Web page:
A major milestone is fast approaching: Data & Society’s 100th Databite! We’re gearing up to cross the #100 marker with Databite Series 100, a three-part talk series unfurling over the course of June 2017.
These three eclectic talks will feature ten of our 2016-2017 Fellows class speaking about their work and will showcase the wide-ranging interdisciplinary connections and a few of the provocative questions that have emerged from our fellows cohort this year:
Mark Ackerman on Contested Truths in Online Communities;
Tega Brain on The Entropy of a System;
Ingrid Burrington on Apocalypse, Still Buffering;
Zara Rahman on Inform/Transform: Translating Critical Tech Perspectives.
WHEN: June 21, 2017. 3:30pm Doors open. 4-5pm Talk + Q&A. 5-7pm Reception.
WHERE: Data & Society, 36 W. 20th St., 11th Floor
RSVP is required for entry. RSVP here.
Data & Society’s Databites speaker series is geared toward engaging our network and the broader public on unresolved questions and timely topics of interest to the D&S community.
Can’t attend? Livestream here.
Questions about Databite No. 102? Contact Data & Society Research Institute
About the Speakers
Mark Ackerman investigates the lived experience of data, so as to help people gain control of and better use the information that is being generated about them. He is the George Herbert Mead Collegiate Professor of Human-Computer Interaction and a Professor in the School of Information, the Department of Electrical Engineering and Computer Science, and the Science Technology and Society program at the University of Michigan, Ann Arbor. His major research area is Human-Computer Interaction (HCI), primarily in social computing and in health. Mark is a member of the CHI Academy (HCI Fellow) and an ACM Fellow. Mark has degrees from the University of Chicago, Ohio State, and MIT.
Tega Brain is an artist, environmental engineer, and researcher whose work intersects art, ecology, and engineering. As an artist, she makes dysfunctional devices, eccentric infrastructures and experimental information systems. She is an Assistant Professor at SUNY Purchase and holds degrees in environmental engineering and fine arts. She also contributes to open source software initiatives of the Processing Foundation. Her current research addresses the relationship between computational systems and the environment. How is computation both shaping environmental systems and changing our perception of them?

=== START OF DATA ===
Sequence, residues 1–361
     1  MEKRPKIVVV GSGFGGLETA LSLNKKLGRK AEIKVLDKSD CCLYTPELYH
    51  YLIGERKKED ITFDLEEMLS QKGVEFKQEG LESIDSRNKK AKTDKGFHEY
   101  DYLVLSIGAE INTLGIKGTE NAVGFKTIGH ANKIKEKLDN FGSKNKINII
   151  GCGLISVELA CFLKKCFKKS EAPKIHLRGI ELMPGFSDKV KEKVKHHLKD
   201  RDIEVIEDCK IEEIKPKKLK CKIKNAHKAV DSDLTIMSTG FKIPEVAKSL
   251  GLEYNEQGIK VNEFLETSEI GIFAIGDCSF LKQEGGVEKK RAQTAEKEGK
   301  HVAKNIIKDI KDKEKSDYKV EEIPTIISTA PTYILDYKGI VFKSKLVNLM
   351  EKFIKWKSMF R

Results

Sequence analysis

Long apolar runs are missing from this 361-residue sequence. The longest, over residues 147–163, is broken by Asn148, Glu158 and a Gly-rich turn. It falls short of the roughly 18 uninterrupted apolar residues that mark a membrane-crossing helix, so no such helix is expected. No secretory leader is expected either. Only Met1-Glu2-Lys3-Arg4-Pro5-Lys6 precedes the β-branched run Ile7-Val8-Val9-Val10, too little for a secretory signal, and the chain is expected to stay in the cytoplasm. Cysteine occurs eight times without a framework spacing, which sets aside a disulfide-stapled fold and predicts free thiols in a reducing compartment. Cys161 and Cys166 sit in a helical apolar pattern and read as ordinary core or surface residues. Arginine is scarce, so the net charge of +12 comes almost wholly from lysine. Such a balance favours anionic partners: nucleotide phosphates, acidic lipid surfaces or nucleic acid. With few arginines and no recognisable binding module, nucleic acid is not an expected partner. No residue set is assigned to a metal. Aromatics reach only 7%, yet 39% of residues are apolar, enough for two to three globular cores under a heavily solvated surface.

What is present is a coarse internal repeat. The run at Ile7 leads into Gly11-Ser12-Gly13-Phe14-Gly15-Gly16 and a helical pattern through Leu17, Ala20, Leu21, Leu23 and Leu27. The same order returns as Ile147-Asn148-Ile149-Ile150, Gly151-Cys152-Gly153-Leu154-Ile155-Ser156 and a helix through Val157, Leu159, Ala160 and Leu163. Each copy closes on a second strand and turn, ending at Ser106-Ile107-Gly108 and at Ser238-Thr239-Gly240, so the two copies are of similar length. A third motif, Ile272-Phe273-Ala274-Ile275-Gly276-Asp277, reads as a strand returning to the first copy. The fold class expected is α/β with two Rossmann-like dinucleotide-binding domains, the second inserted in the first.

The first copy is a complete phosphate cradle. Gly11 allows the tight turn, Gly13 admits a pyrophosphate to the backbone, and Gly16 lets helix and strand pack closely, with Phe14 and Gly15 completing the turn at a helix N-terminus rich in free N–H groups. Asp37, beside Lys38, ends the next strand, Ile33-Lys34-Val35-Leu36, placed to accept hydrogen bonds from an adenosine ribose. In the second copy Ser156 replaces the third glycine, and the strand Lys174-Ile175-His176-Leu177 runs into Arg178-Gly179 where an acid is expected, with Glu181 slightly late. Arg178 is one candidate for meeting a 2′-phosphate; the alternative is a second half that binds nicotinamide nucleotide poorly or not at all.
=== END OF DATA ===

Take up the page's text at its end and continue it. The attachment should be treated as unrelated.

Ingrid Burrington is an artist who writes, makes maps, and tells jokes about places, politics, and the weird feelings people have about both. She’s the author of Networks of New York, an illustrated field guide to urban internet infrastructure, and has previously written for The Atlantic, The Nation, The Verge, and other outlets. Her work has previously been supported by Eyebeam Art and Technology Center, the Center for Land Use Interpretation, and Rhizome. She also runs the Data and Society speculative fiction reading group.
Zara Rahman is a researcher, writer, and linguist who is interested in the intersection of power, race, and technology. She has travelled and worked in more than 25 countries in the field of information accessibility and data use in civil society, and speaks four languages fluently. She worked for OpenOil, investigating the use and availability of open data in the extractive industries, then worked for Open Knowledge, primarily with School of Data on data literacy for journalists and civil society. Now, she is a Research Lead at The Engine Room where she leads their Responsible Data Program, supporting the responsible use of data in advocacy and social change. Her work at Data & Society looks into creative and artistic ways of boosting critical data and tech literacy.